Well I'm talking about booting directly from the hardisk from a windows machine that has no floppy or cdrom drive here (please see my previous posts), if the LiveCD kernel image does not support say SATA, how can you even mount the hardisk itself?
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Dr Gonzo
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PostPosted: Thu Dec 16, 2004 5:44 am    Post subject: Reply with quote

Well, I'm not that familiar with SATA. Is it not backwards compatible with IDE? Please forgive me if I'm wrong, I am still somewhat in the dark ages over here. :)
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cyrillic
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PostPosted: Thu Dec 16, 2004 4:35 pm    Post subject: Reply with quote

kohno wrote:
Well I'm talking about booting directly from the hardisk from a windows machine that has no floppy or cdrom drive here (please see my previous posts), if the LiveCD kernel image does not support say SATA, how can you even mount the hardisk itself?

If your machine has SATA harddrive(s), but no bootable CD device, you should complain to your system builder :P

Besides, how would you install Windows on a machine like that ?
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kohno
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PostPosted: Thu Dec 16, 2004 4:50 pm    Post subject: Reply with quote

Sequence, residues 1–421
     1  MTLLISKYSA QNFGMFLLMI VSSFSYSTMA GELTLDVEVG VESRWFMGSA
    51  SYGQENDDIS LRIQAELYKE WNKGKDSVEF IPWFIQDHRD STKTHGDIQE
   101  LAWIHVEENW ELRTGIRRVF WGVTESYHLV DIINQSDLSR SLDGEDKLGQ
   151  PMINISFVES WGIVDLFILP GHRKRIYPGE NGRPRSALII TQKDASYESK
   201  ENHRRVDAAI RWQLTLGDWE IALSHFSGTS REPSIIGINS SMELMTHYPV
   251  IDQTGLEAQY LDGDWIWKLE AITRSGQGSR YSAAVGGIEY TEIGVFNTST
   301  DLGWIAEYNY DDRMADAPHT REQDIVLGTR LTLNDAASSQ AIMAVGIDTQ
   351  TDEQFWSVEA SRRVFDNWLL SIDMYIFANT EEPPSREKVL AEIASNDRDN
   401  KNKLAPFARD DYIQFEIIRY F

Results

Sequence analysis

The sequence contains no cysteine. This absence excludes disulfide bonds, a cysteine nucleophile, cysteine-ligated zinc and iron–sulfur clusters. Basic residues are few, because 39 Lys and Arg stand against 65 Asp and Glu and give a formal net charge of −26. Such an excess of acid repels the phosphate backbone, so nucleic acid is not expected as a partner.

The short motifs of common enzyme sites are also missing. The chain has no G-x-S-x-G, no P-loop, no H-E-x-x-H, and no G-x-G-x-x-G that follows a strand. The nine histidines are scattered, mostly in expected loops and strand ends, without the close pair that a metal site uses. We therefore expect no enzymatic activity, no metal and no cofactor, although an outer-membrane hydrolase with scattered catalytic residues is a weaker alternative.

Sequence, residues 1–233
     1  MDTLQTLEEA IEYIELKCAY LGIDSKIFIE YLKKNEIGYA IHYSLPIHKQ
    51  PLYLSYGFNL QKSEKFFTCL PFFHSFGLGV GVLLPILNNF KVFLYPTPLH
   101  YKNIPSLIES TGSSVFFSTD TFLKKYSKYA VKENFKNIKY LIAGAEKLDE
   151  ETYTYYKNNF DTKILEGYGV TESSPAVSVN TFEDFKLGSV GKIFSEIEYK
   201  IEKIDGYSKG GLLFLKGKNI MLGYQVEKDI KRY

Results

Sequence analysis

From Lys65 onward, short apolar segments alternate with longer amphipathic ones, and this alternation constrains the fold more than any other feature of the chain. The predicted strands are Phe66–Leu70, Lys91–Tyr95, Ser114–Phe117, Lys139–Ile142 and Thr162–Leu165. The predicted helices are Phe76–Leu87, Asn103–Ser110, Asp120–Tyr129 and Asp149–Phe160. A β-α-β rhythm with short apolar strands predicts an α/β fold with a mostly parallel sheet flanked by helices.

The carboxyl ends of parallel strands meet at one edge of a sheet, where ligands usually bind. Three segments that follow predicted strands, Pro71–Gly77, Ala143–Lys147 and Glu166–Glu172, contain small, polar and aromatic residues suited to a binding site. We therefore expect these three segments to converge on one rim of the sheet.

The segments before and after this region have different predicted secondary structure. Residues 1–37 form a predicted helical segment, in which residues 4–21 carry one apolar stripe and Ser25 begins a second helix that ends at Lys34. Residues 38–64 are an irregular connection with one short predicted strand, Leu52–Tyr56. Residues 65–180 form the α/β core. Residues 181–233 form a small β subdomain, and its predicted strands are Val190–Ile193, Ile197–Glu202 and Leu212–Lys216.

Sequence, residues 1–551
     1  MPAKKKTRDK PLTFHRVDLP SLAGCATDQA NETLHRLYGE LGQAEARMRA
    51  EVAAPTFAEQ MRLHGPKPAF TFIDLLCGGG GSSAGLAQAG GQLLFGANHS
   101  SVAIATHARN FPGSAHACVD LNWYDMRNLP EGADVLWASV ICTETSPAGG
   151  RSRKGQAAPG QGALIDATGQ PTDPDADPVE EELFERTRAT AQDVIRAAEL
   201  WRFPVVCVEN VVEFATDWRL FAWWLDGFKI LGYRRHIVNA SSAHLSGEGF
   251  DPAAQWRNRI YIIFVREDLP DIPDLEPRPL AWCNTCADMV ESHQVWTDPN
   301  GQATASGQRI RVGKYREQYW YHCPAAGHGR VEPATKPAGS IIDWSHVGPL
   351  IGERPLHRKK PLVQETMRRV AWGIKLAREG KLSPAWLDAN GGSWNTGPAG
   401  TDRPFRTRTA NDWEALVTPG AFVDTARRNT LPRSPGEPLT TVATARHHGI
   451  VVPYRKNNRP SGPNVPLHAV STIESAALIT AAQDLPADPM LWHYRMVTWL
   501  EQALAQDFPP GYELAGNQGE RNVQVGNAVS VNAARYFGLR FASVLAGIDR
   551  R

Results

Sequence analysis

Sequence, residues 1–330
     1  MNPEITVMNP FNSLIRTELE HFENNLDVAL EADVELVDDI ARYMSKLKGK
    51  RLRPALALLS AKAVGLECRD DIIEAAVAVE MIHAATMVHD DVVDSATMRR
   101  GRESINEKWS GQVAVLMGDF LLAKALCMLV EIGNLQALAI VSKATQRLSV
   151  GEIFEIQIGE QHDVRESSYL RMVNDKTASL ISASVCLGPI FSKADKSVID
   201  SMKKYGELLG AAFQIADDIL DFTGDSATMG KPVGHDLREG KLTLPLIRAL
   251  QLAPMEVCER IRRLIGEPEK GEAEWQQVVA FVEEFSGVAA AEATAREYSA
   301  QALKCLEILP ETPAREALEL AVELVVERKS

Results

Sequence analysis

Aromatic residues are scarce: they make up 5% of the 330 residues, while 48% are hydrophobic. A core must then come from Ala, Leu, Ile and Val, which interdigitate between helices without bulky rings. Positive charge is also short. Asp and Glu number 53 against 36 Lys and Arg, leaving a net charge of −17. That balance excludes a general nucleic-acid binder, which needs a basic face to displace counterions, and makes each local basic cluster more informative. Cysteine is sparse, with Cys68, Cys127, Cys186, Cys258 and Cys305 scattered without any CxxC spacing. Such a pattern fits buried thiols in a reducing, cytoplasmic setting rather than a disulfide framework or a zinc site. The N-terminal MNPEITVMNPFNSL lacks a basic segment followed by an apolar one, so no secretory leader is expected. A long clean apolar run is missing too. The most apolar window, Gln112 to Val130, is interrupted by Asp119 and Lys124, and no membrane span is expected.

cyrillic wrote:
If your machine has SATA harddrive(s), but no bootable CD device, you should complain to your system builder :P

Besides, how would you install Windows on a machine like that ?

Perhaps it's a machine preinstalled with windows and the cdrom is broken! :wink:

Just joking, I've seen many requests of this kind from some other forums where people are normally students who don't have cd-burners. They prefer to install linux distrubitions directly from harddisk (usually it's something like a windows+some spare partitions), while you can do that with many other distributions (extract install iso, and then boot the kernel image directly from harddisk) I can't tell them how to do this with Gentoo. That's why I'm looking for answers here.
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PostPosted: Fri Dec 24, 2004 10:40 pm    Post subject: Reply with quote

I know this thread is a bit old, but I think that people have forgotten that you can use virtualpc, and I believe vmware and give it control of an entire hard drive. With that method, you could use something like daemon tools to mount the cdrom image and compile and install the entire system without ever popping in a cdrom. I don't know if it is allowed in either of those programs to use the working drive, but if there is a spare hard drive or a partition, it can be done. Also, until you can boot into gentoo, you can allow windows to boot into linux for you, then use grub.